Walmart is helping fight the opioid crisis. We are proud of our pharmacists, who help patients understand the risks about opioid prescriptions. And our pharmacists have refused to fill hundreds of thousands of opioid prescriptions they thought could be problematic.
On top of that, Walmart has blocked thousands of questionable doctors from having their opioid prescriptions filled by any of our pharmacists, as part of our good-faith efforts to help address the opioid crisis.
As a result, many health regulators, medical groups, doctors and patients say that Walmart is going too far in refusing to fill opioid prescriptions—and even say we are improperly interfering in the doctor-patient relationship and potentially harming patients who need their medicine.
This is a big reason why plaintiff-lawyer driven lawsuits brought around the country against Walmart and other pharmacies are misguided and dangerous to public health. In search of deep pockets, plaintiffs’ lawyers representing cities, counties and others are pushing a legal theory that pharmacies should be held responsible for the opioid crisis. In fact, courts around the country have rejected plaintiffs’ novel “public nuisance” liability theories in lawsuits in Arkansas, Connecticut, Delaware, Illinois, California, Oklahoma, North Dakota and South Dakota. As the Wall Street Journal said, it makes no sense to punish pharmacies for “filling legal prescriptions for a legal substance for real patients from licensed doctors.”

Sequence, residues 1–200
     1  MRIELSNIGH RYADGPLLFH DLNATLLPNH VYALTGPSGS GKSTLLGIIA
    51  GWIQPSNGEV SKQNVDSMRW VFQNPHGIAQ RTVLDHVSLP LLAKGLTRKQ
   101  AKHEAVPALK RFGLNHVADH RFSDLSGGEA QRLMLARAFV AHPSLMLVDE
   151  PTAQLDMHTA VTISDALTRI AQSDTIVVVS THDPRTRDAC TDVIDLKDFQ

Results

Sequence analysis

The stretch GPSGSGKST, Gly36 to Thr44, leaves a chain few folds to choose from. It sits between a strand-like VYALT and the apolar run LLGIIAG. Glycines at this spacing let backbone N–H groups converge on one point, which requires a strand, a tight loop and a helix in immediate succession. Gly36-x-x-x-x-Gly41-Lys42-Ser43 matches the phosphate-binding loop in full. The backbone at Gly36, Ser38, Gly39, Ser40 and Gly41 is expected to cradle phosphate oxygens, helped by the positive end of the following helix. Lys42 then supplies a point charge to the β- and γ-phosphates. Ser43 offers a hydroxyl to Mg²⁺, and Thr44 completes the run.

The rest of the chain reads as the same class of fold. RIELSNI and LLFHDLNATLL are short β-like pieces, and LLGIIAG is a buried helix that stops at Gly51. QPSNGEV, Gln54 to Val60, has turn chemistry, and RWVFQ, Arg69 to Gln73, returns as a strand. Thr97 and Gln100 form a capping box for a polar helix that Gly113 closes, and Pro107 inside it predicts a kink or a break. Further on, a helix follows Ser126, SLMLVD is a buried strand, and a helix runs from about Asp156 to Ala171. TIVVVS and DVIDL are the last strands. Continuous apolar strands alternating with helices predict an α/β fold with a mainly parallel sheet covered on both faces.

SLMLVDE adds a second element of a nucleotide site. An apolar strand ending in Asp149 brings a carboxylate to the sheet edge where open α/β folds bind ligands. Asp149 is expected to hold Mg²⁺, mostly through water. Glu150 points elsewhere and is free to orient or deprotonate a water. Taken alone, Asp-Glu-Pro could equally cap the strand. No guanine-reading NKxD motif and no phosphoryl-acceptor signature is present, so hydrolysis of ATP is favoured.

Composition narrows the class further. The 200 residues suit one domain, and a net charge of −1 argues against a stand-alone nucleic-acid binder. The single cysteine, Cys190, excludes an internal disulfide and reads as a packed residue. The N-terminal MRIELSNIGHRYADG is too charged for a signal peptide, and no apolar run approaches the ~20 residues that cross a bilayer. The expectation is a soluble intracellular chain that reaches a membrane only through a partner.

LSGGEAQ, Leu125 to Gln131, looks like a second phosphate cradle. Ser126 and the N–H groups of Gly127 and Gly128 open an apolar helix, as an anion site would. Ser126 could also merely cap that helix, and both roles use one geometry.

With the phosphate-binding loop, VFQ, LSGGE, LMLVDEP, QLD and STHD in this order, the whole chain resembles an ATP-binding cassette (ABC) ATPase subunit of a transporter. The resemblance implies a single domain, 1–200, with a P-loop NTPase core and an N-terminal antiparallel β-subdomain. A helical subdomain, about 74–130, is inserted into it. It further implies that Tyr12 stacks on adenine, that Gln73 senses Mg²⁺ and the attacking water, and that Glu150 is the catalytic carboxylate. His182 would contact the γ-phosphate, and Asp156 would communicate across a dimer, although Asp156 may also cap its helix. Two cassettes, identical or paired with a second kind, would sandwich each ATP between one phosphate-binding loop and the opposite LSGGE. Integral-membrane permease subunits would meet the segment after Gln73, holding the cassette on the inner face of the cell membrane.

One serious and big-picture problem with the plaintiffs’ attempt to turn pharmacists and pharmacies into the “doctor police” is that it forces them to come between doctors and their patients in a way Congress never intended, and federal and state health regulators say isn’t allowed. And many patients say that pharmacies are preventing them from getting needed medicine.